I saw it with my own eyes

Every day we check in on the broody chicken. Sometimes it seems as if she’s fading away to nothing. She doesn’t eat. She doesn’t drink. She just flattens herself in the corner sitting on whatever egg she can find. Today ¬†when I checked I thought I saw her standing. But no. It was Big Red hovering in that same corner, standing up, her backside to me, making cooing noises. Then I saw it — an egg emitting from her behind. Seconds later I saw a beak emerge scooping the egg away from Big Red and, presumably, under her flattened, broody self. Red stood there a few seconds, then turned herself around, walked down the ramp and looked around as if to say, “What’s for lunch?”

Collards as candelabra

Don’t you just love nature and the shapes she provides? Once I popped in on myWest Boundary street garden and found a very serious SCAD photography student. I asked, “OK, what’s your assignment this time?” She was to find letters in nature that approximate the alphabet. Sounded like fun to me. This morning I picked up my weekly load of compost material from Walls’ Barbecue, thanks to the persistent and steady Margaret Weston who calls me each Wednesday night alerting me to a new load. “I’ll leave it on the bench,” she says. This was her idea, btw. She read somewhere about the brilliance of recycling non-meat items and I picked up on it faster than you can say pork sandwich. Margaret’s father started this hole-in-the-wall take-out joint in the middle of chi-chi downtown Savannah in the mid-60’s as a business venture for his wife and daughter, Margaret. Now Margaret and her daughter, Teresa, run it. This morning’s load had potato skins — white and sweet — the frilly ends of celery, egg shells (from their famous red velvet cake), and the candelabra-like collard spines, which, now that I think about it, kind of resembles a menorah on steroids. As it happens, this week I transferred the old composted fixings — all broken down and rich — to my new driveway garden on 50th street making room for more raw material. Thank you, Margaret!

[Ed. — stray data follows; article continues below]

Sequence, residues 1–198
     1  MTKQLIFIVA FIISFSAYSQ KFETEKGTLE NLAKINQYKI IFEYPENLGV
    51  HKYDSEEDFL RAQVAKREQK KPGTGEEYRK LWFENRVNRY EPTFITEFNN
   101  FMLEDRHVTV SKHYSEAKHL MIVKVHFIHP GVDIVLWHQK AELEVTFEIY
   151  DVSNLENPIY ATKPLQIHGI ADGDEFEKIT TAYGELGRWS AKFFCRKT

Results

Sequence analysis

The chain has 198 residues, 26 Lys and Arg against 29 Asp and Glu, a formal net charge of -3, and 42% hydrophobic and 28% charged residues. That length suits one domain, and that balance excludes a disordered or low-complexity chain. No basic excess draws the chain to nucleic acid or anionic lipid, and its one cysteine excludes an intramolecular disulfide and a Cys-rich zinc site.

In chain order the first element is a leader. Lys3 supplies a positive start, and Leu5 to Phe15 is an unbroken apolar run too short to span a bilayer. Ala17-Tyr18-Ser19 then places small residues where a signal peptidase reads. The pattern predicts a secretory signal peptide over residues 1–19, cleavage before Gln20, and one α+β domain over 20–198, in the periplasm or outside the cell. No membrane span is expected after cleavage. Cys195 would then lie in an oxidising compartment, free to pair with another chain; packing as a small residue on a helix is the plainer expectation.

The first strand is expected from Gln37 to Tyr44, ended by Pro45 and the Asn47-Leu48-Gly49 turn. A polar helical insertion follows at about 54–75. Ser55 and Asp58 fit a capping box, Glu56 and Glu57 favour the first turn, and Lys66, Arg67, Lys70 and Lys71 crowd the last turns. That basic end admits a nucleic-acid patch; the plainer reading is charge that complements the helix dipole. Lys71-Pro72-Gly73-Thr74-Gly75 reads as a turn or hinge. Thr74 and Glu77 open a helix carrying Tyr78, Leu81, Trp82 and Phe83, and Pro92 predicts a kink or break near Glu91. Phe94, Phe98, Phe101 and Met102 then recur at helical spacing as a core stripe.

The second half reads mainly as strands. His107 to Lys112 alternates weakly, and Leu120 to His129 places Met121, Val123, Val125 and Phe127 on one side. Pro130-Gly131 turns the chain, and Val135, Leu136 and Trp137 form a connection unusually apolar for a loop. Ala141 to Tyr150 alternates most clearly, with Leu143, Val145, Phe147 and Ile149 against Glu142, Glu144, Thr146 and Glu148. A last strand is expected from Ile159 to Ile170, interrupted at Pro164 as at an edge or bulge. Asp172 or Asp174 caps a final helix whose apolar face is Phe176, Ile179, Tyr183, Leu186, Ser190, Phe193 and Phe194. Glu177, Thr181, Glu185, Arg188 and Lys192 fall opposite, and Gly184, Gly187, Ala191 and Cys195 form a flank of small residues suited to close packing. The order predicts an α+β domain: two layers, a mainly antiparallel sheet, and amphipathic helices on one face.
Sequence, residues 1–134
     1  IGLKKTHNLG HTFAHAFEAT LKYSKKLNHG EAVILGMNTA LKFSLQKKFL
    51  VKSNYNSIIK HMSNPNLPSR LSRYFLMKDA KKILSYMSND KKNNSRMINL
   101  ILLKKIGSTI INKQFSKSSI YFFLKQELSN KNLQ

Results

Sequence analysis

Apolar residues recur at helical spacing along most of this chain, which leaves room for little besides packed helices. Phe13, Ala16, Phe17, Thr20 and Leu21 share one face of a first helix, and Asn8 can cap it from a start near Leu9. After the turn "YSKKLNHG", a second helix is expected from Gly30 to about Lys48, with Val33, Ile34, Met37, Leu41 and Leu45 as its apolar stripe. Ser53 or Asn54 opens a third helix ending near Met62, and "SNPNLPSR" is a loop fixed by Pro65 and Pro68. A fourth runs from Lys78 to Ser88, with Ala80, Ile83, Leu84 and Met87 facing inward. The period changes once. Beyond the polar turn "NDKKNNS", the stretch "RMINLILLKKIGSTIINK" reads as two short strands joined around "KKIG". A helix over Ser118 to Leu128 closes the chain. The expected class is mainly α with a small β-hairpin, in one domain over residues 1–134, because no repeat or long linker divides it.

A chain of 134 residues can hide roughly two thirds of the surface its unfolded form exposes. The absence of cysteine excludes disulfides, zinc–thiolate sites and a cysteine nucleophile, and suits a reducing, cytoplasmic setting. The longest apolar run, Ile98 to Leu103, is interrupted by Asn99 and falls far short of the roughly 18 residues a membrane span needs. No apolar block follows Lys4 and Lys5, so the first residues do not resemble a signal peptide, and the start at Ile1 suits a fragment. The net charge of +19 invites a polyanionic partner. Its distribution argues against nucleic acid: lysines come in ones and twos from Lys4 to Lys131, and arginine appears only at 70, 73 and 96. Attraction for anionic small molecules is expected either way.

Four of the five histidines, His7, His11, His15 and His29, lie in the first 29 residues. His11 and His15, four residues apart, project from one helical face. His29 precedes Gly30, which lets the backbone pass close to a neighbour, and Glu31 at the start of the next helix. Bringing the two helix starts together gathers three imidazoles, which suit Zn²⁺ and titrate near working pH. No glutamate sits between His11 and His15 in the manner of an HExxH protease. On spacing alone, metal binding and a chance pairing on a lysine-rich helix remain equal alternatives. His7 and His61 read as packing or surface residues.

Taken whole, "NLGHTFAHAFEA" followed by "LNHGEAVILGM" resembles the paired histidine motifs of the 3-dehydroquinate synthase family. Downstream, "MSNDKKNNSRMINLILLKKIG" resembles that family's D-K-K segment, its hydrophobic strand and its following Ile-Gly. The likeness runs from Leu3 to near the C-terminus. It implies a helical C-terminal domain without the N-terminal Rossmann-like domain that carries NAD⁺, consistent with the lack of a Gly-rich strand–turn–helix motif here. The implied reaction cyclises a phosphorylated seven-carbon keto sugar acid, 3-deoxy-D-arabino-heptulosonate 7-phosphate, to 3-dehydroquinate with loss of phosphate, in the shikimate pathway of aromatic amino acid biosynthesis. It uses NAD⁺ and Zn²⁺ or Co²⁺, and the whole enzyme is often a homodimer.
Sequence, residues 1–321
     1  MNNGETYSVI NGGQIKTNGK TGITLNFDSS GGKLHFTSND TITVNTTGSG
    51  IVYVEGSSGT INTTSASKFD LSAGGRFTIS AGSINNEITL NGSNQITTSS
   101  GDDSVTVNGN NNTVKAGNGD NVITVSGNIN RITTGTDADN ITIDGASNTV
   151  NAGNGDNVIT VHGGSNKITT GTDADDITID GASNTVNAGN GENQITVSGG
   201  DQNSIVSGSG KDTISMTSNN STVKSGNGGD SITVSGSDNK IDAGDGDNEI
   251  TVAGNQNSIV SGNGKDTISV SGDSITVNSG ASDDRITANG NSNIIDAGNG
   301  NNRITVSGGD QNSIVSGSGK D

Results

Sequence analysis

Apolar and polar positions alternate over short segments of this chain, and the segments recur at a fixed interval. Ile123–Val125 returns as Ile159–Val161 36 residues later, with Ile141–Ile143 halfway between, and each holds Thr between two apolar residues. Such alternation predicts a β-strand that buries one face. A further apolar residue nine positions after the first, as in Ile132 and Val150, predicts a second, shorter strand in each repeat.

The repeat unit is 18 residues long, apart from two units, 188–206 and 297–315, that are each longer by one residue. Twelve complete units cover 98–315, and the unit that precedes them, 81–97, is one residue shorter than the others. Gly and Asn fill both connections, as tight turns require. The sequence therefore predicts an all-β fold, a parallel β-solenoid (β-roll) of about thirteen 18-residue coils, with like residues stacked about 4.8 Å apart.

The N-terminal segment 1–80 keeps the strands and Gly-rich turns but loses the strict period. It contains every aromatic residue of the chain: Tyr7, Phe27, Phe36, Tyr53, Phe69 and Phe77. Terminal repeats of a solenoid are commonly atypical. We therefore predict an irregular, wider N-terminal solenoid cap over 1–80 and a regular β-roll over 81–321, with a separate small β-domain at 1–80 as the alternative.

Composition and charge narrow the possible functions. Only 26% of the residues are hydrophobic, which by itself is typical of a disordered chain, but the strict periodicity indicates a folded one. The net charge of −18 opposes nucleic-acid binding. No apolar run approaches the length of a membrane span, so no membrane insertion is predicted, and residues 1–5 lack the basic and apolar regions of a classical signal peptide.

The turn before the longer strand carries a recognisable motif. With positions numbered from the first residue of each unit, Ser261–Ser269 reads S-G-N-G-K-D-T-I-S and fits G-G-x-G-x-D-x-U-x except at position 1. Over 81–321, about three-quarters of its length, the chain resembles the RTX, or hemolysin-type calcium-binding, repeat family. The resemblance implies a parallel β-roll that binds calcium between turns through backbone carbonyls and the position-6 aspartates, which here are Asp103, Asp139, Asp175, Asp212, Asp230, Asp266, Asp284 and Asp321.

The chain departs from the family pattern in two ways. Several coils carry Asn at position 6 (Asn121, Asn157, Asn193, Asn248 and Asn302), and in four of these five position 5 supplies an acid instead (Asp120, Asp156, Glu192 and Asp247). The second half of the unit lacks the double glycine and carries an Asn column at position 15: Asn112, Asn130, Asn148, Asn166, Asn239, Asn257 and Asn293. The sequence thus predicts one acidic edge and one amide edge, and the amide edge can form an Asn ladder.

A candelabra collard spine